Male patients had completely suppressed estradiol levels in both the osteoporotic and nonosteoporotic group despite estradiol being the most important sex hormone for bone in males as well as females . The seemingly low testosterone levels point to male hypogonadism, which in conjunction with the completely suppressed estradiol, indicate possible sex hormone alterations, which should be investigated further together with its possible impact on BMD in CF males.
We acknowledge that there are limitations to our study. We did not have reliable information about oral/intravenous corticosteroid use which would have allowed evaluation of systemic steroids on BMD in the cohort. However, these are generally only used for intermittent worsening of CF arthritis or treatment of allergic bronchopulmonary aspergillosis. Hypothetically, though, such repeated high-dose prednisone in adolescence could have a negative impact on peak bone mass accrual making a subgroup more susceptible to loss of bone mass in adulthood.
Neither was it possible to measure free fractions of sex hormones, obtain history of menstrual cycle or symptoms of hypogonadism from patient records, preventing any final conclusions about sex hormones’ impact on CF bone status. Finally, we did not have any radiographic data or patient history to determine correlation between any osteoporotic fractures and BMD, a relationship which is being questioned over the recent years as peripheral quantitative computed tomography scans have shown altered microarchitecture in CF bone independently of BMD .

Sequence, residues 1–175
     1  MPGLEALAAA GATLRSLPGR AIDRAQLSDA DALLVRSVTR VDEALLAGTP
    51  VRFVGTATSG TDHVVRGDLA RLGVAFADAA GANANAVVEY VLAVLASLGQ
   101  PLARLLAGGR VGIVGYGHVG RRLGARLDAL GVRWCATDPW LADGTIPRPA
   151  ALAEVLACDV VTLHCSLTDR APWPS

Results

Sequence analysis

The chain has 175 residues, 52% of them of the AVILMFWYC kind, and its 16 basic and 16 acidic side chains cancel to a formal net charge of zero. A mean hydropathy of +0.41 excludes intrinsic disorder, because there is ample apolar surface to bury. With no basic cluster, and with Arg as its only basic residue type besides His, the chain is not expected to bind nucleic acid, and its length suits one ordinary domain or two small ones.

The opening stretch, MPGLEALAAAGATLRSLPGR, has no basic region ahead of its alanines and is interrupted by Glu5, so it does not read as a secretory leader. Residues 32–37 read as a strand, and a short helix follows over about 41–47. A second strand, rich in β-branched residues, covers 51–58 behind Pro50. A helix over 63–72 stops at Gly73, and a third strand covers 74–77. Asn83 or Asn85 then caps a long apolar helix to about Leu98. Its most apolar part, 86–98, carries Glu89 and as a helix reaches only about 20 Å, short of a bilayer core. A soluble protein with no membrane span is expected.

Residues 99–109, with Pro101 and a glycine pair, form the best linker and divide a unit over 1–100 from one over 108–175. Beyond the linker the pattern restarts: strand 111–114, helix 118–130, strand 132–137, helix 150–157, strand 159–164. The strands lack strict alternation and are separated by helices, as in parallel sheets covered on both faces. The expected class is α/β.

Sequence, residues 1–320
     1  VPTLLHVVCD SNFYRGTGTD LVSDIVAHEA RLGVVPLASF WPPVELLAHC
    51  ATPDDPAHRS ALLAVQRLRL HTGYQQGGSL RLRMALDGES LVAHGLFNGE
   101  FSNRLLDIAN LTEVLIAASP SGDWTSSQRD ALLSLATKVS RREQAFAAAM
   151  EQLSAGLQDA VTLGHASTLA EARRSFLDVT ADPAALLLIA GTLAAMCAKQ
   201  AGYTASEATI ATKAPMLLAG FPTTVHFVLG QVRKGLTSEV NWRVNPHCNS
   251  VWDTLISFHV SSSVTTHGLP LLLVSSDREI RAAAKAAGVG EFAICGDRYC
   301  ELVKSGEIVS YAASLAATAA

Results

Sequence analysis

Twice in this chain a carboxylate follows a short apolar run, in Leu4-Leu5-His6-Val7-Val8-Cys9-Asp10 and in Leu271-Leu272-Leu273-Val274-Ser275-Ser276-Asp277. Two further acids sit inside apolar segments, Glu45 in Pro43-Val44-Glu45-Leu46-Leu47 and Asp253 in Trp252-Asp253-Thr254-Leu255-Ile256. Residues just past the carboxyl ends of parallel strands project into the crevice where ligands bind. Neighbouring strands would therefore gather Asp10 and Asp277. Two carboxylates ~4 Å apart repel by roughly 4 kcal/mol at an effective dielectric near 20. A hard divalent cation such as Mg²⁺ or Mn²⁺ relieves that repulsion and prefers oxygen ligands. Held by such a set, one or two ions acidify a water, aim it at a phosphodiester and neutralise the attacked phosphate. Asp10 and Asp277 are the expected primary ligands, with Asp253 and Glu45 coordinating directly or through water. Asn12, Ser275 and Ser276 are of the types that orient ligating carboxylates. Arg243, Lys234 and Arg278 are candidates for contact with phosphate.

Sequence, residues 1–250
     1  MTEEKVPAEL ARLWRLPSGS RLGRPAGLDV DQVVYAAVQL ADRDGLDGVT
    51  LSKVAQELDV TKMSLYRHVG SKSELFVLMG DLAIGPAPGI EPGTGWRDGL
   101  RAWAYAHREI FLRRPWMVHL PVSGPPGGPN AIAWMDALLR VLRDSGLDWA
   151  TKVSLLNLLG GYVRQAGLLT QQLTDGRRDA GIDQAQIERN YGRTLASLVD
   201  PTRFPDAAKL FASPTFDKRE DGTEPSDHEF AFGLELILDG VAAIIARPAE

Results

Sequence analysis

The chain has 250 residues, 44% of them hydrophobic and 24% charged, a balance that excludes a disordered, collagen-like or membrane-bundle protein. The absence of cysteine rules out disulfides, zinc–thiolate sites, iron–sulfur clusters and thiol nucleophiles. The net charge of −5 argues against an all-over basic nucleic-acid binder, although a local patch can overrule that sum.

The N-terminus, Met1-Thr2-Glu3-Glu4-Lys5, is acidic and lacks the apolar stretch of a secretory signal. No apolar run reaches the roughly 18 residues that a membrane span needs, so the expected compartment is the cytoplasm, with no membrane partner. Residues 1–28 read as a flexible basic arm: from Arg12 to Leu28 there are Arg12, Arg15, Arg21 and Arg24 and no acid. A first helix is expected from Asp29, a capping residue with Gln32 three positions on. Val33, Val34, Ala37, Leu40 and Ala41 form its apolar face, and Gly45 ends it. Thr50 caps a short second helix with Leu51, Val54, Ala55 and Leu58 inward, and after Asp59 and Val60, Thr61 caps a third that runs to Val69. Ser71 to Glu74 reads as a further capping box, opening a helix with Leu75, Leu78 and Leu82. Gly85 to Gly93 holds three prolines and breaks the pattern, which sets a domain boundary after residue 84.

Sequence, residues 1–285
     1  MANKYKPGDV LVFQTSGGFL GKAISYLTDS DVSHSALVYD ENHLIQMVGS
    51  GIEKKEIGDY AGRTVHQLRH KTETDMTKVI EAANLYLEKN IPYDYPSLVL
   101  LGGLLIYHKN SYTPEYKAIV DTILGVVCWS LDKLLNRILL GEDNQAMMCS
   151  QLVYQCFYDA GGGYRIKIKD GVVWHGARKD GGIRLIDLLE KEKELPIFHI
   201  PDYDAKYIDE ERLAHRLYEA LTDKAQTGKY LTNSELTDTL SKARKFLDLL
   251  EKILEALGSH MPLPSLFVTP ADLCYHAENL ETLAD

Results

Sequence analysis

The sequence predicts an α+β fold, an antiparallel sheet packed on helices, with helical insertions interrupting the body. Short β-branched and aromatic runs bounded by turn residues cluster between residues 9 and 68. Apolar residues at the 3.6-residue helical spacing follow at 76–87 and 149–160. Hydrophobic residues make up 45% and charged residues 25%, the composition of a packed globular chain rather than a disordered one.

In conclusion, CF patients develop impaired BMD associated with deteriorating clinical status. It is therefore important to identify these individuals at risk and ensure regular DXA scans and optimize treatment of modifiable risk factors of osteoporosis. Although the skeleton is the body’s calcium storage, there was little indication that alterations in calcium metabolism significantly impact bone status, despite median vitamin D levels being well below recommended values. Long-term high-dose vitamin D studies are needed to clarify the role of 25OHD in CF bone disease and to which extent it may have an effect on BMD longitudinally. Sex hormonal and dysglycemic impact on bone status should be investigated further.
Results were partly presented in abstract and poster form at the NACFC 2016, Orlando, USA (doi: 10.1002/ppul.23576; abstract number 653).
Conflicts of Interest
The authors declare that there is no conflict of interest regarding the publication of this article.